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    atacamaR Well-Known Member

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    no doubt, It can be a poor choice but if you know what you are getting into or the repair of what was fixed it's not so bad. Things need to be rebuilt correctly. Since I know all the work that is being done it removes the unknown factor and gives me piece of mind. There are people out there that will scam, sell complete crap so I'm glad they are required to list them as salvaged. I agree, it's not real scary and nothing to be worried about.
     
  6. idget
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    idget Want to pokéman? PM ShortytheFirefighter Staff Member

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    Great read, great project!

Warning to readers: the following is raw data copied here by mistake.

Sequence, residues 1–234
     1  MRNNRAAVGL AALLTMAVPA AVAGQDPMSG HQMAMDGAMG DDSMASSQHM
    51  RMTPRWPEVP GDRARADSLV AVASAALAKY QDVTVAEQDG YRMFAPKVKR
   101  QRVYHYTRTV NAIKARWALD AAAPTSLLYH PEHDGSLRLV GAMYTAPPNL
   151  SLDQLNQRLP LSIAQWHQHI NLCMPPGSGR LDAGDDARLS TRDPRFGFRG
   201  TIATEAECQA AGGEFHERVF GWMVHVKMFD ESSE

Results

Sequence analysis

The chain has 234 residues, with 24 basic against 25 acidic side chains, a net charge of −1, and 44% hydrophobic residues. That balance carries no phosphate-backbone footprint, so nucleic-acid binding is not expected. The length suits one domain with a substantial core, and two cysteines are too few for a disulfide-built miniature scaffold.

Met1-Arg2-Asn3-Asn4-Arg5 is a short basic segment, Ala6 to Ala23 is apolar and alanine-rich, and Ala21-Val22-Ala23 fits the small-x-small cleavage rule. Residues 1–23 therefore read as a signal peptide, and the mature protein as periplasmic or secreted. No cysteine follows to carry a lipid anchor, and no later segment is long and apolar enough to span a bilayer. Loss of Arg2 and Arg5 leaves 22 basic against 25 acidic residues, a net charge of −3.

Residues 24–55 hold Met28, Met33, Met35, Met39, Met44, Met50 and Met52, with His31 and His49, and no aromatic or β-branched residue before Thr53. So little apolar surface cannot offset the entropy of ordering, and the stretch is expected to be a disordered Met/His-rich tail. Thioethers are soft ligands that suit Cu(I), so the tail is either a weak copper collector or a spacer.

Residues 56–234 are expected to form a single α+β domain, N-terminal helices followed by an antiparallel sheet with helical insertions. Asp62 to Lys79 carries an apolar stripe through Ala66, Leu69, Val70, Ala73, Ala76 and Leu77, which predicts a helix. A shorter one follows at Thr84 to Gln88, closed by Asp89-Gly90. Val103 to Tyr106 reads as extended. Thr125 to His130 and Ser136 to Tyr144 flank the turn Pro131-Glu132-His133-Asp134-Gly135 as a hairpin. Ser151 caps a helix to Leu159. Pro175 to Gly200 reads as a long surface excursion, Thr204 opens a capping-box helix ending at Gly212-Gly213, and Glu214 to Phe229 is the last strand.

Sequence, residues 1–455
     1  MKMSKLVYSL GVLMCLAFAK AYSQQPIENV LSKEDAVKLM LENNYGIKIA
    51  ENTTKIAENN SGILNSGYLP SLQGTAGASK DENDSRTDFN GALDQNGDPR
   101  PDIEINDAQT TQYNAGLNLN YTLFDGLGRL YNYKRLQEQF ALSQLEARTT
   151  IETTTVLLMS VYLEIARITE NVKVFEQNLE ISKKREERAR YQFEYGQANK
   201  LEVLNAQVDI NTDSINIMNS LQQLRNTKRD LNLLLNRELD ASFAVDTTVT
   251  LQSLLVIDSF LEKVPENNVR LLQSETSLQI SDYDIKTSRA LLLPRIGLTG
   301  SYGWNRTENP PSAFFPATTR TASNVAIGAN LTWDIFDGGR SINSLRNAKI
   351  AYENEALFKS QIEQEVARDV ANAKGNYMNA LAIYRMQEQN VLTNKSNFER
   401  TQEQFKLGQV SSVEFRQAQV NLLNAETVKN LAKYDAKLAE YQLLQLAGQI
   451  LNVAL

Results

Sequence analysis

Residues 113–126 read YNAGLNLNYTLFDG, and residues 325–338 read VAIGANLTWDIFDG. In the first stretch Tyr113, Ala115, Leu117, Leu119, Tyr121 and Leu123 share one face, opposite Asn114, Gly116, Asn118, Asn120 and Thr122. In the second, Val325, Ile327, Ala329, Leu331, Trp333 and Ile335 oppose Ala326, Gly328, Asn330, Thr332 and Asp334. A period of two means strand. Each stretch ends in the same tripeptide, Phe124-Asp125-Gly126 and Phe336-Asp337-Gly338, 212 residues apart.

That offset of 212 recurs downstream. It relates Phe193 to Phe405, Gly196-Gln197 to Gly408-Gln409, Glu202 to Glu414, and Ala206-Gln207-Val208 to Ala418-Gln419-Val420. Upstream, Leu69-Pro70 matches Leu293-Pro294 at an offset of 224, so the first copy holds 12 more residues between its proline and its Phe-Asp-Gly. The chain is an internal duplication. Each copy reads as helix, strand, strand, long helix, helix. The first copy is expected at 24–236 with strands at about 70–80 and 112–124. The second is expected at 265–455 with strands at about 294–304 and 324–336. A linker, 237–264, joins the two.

Thanks for sharing, I'm excited to see how this turns out. The work on Chad's car(s?) looks amazing!

    I'd like to see a larger version of you avatar too!

    I lol'd hard. This sums up every single one of the last 7-8 encounters I've had with MN dvs.
     
    JuStaWRX likes this.
  7. atacamaR
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    atacamaR Well-Known Member

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    I'll be sure to post the body work pics, i find these the most interesting as well.

    isn't it the brutal truth though, every time i go. My first experience was the best though. I won't get into it too much, but transferring my license from WI to MN my WI drivers license wasn't good enough for proof of a name. Neither was a copy of my birth certificate and original social security card-had to be original birth certificate. Each time I got a different answer. All of this because my middle name on my license for WI said J. WI lists only the middle initial and MN wanted my full middle name James. 4 trips later....
     
  8. curly2k3
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    curly2k3 Well-Known Member